22 Feb 2021
This project aims to investigate the trade patterns and characteristics of domestic tortoiseshell markets on Sumatra and its surrounding islands where the tortoiseshell harvesting is still present on a considerable scale, but little information exists about trade patterns and mechanisms. The aims of the project are following:
1. The description of hawksbill turtle harvest and trade:
a. To get information about characteristics of stakeholders involved in the trade and to identify poaching and trade practices.
b. To get information about local trade routes.
c. To identify source places of tortoiseshell in selected areas.
2. The identification of economic and socio-cultural causes of the trade:
a. To understand the economic situation and the income diversification.
b. To assess the importance of tortoiseshell trade for family income.
c. To identify the motivation of customers to buy tortoiseshell products.
3. The identification of perceptions and attitudes towards sea turtles and conservation:
a. To assess whether local communities know that sea turtles are protected species.
b. To research how people perceive the conservation of sea turtles.
c. To identify how people value sea turtles.
Hawksbill turtles (Eretmochelys imbricata) are listed as critically endangered species in the IUCN Red List. The main threat that driving hawksbill turtles to extinction is especially unsustainable take and use in Asia-Pacific to manufacture tortoiseshell jewelry and other decorative products. Indonesia is historically largest producent of tortoiseshell, unfortunately, only limited information exists about characteristics of domestic hawksbill turtle use and trade.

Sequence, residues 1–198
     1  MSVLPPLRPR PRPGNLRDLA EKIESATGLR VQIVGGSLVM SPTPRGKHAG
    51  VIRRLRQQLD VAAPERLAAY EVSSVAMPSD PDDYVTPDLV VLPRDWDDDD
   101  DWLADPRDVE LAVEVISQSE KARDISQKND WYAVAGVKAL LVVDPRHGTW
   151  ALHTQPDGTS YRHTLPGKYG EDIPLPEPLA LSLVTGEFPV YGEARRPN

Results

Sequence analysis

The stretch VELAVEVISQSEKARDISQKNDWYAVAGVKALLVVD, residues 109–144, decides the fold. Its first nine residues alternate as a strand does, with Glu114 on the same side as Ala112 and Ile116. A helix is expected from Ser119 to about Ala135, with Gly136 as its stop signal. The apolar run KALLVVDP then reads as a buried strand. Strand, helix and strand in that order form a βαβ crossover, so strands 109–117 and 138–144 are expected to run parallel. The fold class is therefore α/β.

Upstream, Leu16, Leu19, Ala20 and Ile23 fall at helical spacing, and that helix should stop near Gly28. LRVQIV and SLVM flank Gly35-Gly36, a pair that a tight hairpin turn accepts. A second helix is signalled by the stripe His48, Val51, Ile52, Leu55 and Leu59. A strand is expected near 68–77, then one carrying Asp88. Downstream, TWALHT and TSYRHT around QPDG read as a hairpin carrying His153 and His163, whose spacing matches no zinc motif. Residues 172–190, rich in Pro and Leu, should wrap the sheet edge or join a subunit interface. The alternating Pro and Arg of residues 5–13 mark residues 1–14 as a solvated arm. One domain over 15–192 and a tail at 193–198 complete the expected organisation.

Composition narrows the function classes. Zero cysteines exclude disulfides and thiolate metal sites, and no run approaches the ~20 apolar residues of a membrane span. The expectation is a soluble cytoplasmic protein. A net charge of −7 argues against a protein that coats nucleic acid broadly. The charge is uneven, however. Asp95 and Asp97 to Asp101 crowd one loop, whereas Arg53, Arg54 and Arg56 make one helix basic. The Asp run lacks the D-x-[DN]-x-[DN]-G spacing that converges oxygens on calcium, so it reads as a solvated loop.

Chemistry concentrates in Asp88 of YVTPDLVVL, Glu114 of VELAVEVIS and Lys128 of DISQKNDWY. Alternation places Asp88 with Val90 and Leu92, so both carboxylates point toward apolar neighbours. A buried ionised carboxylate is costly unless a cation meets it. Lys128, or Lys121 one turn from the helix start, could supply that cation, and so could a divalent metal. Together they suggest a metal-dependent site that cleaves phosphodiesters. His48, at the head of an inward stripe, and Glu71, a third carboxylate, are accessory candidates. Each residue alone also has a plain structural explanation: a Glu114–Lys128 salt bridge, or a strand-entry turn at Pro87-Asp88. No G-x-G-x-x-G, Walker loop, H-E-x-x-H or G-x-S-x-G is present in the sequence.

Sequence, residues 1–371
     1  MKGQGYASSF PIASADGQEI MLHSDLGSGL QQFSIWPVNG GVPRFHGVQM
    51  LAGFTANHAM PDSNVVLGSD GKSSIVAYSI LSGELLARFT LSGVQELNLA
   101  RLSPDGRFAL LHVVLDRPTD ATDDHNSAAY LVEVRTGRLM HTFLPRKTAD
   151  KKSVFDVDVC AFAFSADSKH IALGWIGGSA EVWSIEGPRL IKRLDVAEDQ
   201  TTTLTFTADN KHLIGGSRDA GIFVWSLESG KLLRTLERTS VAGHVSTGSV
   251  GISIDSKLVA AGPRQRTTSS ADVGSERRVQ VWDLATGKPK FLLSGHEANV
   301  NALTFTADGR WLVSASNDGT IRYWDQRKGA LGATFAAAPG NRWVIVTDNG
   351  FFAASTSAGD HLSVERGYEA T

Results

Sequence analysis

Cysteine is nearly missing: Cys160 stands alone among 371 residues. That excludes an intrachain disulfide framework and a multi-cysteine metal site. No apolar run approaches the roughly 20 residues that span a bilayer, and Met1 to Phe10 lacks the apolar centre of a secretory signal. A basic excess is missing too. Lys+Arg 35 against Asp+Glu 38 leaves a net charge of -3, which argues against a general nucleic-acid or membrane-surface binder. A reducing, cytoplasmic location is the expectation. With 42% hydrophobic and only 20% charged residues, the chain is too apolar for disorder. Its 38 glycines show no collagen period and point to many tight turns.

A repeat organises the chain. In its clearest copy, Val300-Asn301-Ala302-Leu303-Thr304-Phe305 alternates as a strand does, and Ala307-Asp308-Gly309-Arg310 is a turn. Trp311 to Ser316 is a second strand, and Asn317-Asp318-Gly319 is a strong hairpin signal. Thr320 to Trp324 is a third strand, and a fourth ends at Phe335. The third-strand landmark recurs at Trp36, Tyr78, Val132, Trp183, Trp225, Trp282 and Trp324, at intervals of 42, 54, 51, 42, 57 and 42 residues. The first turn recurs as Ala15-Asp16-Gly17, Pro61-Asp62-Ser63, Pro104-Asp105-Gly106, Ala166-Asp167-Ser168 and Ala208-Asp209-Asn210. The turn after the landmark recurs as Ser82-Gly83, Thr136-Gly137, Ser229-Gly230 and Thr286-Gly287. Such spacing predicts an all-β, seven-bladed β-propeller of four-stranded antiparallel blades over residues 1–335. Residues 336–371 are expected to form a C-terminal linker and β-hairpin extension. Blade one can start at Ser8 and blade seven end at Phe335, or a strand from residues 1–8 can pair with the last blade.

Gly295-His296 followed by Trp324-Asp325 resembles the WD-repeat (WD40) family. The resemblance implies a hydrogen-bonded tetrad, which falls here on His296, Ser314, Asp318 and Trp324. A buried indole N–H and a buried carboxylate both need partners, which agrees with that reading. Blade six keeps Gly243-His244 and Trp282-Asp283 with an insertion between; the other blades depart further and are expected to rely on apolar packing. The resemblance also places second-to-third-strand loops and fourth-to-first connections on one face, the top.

This project will use community-based approaches (questionnaires, interviews) and market surveys in selected areas in Sumatra, Indonesia to identify characteristics of hawksbill turtle use, trade, involved stakeholders, but also perceptions and attitudes towards conservation. Besides this, the project will bring new information about trade volumes, market prices, and origins of harvested hawksbill turtles. Results from the field study will particularly bring information for future research and conservation management.
During the fieldwork, at least 100 questionnaire surveys and 20 interviews will be conducted in selected areas with community members, people involved in the tortoiseshell trade, government stakeholders, and NGO workers. Also, seminars for local government representatives will be managed in at least 5 areas of turtle use and trade. The aim of the seminars is to promote the conservation of hawksbill turtle in areas where are the hawksbill turtles the most threatened.